A simple drawing test to identify patients who are unlikely to be able to learn to use an inhaler

This source preferred by Stephen Allen and Michele Board

Authors: Board, M. and Allen, S.C.

Journal: International Journal of Clinical Practice

Volume: 60

Pages: 510-513

ISSN: 1368-5031

DOI: 10.1111/j.1368-5031.2006.00933.x

Previous research has shown that patients are not able to learn to use self-administered inhaler devices if they have impaired general cognition executive (frontal lobe) dysfunction or dyspraxia. These impairments are most frequently encountered in frail elderly people. Some of the tests required to detect such impairments are time-consuming and are therefore not easily adopted in routine clinical practice particularly in an outpatient setting. We performed a study of 50 elderly inhaler-naïve patients to explore the use of a simple quick drawing test (copying overlapping pentagons) to determine whether that test was able to identify patients who were unable to learn to use a Turbohaler. Patients who were not able to perform the pentagon copying test were found to be unable to learn to use a Turbohaler with a specificity of 93% and positive predictive value of 87%. This was at least as discriminating as the Abbreviated Mental Test and the Mini Mental State Examination. The overlapping pentagon drawing test is useful in clinical practice to identify patients who will probably not use a self-administered inhaler correctly and who will require an alternative approach to the treatment of their airways disease. This finding might have implications for other self-administered treatment such as insulin pens and complex drug regimens.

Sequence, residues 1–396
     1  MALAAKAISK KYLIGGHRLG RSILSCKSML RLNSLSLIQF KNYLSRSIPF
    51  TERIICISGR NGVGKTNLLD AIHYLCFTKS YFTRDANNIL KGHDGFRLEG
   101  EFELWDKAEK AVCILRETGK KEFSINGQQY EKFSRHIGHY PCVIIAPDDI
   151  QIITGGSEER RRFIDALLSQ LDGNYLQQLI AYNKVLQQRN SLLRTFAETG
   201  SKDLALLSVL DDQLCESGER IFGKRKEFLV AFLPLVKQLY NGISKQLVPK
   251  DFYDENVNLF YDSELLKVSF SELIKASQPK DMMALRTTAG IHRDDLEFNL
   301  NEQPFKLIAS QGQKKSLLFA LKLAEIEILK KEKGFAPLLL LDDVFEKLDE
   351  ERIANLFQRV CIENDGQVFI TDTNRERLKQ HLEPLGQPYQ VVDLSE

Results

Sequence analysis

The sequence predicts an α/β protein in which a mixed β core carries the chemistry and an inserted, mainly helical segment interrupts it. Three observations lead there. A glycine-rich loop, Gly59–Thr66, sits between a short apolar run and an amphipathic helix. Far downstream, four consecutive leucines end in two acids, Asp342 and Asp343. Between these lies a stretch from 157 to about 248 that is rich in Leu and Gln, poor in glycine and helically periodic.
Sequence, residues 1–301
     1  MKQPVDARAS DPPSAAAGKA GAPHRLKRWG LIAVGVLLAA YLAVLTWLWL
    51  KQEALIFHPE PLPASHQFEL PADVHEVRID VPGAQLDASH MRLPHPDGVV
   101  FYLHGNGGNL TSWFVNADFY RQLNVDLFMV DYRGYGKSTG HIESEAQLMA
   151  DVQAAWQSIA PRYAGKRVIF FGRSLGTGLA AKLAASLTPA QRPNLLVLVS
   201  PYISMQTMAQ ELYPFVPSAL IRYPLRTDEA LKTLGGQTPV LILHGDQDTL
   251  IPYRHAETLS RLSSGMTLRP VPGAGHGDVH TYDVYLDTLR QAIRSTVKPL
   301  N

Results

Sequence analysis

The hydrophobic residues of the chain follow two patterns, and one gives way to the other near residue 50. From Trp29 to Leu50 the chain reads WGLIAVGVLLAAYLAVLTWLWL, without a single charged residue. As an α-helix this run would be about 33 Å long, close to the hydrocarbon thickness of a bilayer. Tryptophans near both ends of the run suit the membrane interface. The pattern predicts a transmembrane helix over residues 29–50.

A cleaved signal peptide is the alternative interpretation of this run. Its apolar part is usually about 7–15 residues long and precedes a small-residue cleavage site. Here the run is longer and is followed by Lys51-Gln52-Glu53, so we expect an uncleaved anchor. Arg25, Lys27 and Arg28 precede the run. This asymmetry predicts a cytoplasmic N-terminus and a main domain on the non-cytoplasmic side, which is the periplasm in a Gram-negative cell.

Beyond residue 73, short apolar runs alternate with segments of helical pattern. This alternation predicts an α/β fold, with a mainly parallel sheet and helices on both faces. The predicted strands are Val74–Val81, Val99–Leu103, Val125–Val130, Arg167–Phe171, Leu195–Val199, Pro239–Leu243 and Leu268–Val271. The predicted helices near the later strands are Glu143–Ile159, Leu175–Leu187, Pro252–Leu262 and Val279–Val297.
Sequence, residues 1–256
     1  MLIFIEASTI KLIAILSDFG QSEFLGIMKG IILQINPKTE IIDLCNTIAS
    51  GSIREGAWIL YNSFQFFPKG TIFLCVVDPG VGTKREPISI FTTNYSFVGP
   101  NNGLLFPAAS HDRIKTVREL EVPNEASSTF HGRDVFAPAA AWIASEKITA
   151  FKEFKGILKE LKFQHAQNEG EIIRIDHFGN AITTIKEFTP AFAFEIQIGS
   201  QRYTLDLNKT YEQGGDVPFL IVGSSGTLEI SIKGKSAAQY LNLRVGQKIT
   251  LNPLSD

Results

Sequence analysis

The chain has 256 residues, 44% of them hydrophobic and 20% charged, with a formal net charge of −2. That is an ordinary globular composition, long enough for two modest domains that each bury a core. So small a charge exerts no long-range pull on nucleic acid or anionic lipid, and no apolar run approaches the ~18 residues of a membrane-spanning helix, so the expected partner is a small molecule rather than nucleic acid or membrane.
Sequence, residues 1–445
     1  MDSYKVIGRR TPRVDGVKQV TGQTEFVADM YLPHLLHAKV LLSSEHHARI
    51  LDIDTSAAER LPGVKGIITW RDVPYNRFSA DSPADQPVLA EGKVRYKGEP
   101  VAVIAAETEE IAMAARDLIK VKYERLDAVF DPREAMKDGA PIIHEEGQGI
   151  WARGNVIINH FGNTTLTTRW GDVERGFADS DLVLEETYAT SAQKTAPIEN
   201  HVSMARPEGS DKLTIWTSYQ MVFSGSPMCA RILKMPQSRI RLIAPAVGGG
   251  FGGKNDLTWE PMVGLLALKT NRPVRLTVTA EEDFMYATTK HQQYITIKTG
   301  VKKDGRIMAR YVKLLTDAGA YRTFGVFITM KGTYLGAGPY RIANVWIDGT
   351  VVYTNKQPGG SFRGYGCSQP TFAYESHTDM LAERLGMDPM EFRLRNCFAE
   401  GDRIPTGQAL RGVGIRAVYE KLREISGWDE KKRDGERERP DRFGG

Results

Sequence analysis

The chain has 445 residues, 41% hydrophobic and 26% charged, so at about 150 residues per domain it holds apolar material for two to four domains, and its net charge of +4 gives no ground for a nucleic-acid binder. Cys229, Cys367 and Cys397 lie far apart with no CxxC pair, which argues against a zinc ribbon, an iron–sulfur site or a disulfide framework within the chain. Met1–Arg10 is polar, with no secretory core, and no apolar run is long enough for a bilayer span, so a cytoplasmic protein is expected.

This data was imported from PubMed:

Authors: Board, M. and Allen, S.C.

Journal: Int J Clin Pract

Volume: 60

Issue: 5

Pages: 510-513

ISSN: 1368-5031

DOI: 10.1111/j.1368-5031.2006.00933.x

Previous research has shown that patients are not able to learn to use self-administered inhaler devices if they have impaired general cognition, executive (frontal lobe) dysfunction or dyspraxia. These impairments are most frequently encountered in frail elderly people. Some of the tests required to detect such impairments are time-consuming and are therefore not easily adopted in routine clinical practice, particularly in an outpatient setting. We performed a study of 50 elderly inhaler-naïve patients to explore the use of a simple quick drawing test (copying overlapping pentagons) to determine whether that test was able to identify patients who were unable to learn to use a Turbohaler. Patients who were not able to perform the pentagon copying test were found to be unable to learn to use a Turbohaler with a specificity of 93% and positive predictive value of 87%. This was at least as discriminating as the Abbreviated Mental Test and the Mini Mental State Examination. The overlapping pentagon drawing test is useful in clinical practice to identify patients who will probably not use a self-administered inhaler correctly, and who will require an alternative approach to the treatment of their airways disease. This finding might have implications for other self-administered treatment, such as insulin pens and complex drug regimens.

This data was imported from Scopus:

Authors: Board, M. and Allen, S.C.

Journal: International Journal of Clinical Practice

Volume: 60